An artistic rendering shows stellar material being accreted and consumed by a supermassive black hole. Photo by NASA/Swift/Aurore Simonnet/Sonoma State University
March 15 (UPI) -- New research shows supermassive black holes consume stellar debris in bursts. Scientists noticed the spasmodic nature of stellar consumption while analyzing the tidal disruption flare emanating from a supermassive black hole at the center of a galaxy 300 million light-years from Earth.
A tidal disruption flare is the burst of electromagnetic activity that occurs when a black hole shreds an unfortunate star and consumes a glut of stellar debris.
While studying a flare discovered on Nov. 11, 2014, astronomers at MIT and NASA's Goddard Space Flight Center measured fluctuations in the optical and ultraviolet light emitted from the black hole's accretion disk. Thirty two days after the initial series of fluctuations, researchers noticed the same patterns, this time among X-rays.
Researchers believe supermassive black holes struggle to seamlessly swallow a sudden influx of stellar material. Instead, the consumption process happens in fits and starts, producing a variety of feedback patterns.
"In essence, this black hole has not had much to feed on for a while, and suddenly along comes an unlucky star full of matter," Dheeraj Pasham, a postdoctoral researcher at MIT's Kavli Institute for Astrophysics and Space Research, told MIT News. "What we're seeing is, this stellar material is not just continuously being fed onto the black hole, but it's interacting with itself -- stopping and going, stopping and going. This is telling us that the black hole is 'choking' on this sudden supply of stellar debris."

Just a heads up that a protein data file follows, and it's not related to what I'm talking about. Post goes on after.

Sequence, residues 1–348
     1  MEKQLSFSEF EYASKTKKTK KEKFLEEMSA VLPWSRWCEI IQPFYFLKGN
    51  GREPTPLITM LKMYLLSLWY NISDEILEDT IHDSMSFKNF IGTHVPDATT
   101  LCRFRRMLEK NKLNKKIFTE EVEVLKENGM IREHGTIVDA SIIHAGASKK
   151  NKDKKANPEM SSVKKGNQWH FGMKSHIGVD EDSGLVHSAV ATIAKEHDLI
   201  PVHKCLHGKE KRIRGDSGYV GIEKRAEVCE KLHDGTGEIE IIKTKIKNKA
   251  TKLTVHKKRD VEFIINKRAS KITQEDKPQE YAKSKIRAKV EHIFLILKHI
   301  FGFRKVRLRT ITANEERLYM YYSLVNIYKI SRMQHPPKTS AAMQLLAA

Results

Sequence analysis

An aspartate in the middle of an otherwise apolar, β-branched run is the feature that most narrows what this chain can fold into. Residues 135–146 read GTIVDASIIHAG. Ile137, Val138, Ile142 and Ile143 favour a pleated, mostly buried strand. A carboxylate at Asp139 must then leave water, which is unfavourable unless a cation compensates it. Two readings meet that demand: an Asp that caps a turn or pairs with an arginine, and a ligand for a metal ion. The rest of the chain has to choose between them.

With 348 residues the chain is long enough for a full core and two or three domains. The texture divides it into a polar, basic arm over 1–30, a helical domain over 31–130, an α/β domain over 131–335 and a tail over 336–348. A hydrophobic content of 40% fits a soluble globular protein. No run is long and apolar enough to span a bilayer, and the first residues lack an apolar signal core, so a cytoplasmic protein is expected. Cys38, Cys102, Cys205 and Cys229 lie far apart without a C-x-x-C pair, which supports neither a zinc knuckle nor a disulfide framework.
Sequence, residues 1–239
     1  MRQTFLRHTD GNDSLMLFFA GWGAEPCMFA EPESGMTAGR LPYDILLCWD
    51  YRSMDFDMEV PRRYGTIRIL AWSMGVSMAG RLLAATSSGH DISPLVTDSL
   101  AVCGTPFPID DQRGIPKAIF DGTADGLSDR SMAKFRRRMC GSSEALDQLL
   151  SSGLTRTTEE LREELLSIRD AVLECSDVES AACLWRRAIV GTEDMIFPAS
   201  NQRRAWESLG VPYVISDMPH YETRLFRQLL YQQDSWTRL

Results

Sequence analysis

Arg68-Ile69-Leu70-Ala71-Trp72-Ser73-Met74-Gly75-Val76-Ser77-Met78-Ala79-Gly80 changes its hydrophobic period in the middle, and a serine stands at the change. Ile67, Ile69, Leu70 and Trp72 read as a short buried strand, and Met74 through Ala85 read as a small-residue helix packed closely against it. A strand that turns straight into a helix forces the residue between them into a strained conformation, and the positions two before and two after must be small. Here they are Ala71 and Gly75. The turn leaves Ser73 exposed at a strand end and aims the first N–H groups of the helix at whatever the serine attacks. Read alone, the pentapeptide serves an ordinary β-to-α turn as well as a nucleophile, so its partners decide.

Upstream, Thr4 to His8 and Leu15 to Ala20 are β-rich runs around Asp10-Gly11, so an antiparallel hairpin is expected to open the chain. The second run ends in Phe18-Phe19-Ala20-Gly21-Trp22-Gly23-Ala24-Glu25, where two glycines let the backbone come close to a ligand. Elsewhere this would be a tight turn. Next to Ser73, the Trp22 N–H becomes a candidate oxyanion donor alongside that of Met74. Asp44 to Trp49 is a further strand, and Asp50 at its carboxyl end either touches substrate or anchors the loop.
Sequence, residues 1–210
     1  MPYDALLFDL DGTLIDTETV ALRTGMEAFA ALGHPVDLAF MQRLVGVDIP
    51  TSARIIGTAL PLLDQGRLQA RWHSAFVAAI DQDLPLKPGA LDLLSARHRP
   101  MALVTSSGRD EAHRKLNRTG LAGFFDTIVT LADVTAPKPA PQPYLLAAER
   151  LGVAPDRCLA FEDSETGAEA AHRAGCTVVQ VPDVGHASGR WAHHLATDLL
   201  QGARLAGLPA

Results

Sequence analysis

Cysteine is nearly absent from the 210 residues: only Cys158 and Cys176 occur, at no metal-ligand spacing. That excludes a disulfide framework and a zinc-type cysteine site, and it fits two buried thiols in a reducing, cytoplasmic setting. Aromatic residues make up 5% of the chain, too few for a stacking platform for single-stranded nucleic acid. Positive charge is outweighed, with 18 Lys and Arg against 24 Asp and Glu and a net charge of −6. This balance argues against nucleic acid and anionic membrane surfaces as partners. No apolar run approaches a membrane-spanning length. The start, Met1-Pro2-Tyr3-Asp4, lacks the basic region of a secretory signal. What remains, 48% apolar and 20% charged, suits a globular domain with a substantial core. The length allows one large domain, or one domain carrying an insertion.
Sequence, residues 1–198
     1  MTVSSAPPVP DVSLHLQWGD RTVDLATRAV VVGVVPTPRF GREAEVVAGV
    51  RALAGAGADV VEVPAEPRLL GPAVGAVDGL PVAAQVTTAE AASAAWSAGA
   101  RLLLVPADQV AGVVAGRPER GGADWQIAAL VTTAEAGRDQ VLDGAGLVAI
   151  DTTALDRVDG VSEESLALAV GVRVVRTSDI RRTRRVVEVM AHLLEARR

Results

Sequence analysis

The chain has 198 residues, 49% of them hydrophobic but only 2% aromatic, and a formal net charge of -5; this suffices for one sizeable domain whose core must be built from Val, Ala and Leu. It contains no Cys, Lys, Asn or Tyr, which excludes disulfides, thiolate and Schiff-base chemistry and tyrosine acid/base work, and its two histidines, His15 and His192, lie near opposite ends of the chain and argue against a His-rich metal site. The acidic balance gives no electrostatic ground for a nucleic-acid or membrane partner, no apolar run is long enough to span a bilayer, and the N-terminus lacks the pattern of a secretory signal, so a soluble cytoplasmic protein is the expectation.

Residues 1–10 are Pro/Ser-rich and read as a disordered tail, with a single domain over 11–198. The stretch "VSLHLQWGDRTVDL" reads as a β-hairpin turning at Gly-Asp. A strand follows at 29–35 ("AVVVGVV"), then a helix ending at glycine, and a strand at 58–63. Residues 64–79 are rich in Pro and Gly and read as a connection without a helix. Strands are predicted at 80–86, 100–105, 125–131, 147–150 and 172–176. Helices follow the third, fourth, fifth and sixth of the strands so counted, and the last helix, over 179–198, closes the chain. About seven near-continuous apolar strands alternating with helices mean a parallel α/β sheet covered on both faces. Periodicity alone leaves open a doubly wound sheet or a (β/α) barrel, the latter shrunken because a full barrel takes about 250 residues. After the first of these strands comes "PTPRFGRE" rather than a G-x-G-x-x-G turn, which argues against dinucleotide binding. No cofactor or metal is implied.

Many black holes aren't actively feeding, and thus, are invisible. A tidal disruption flare can alert scientists to the presence of a previously dormant black hole. Happening upon such an event is rare, but technology is helping astronomers more easily identify the phenomena.
Observatories can be programmed to be on the lookout for signatures of a tidal disruption flare. When one is identified, astronomers can be alerted and telescopes can be trained on the event.
"Only recently have telescopes started 'talking' to each other, and for this particular event we were lucky because a lot of people were ready for it," Pasham said. "It just resulted in a lot of data."
Because supermassive black holes and their host galaxies grow together, researchers believe detailed analysis of tidal disruption flares can illuminate their co-evulationary process. Scientists detailed their latest flare analysis in the Astrophysical Journal.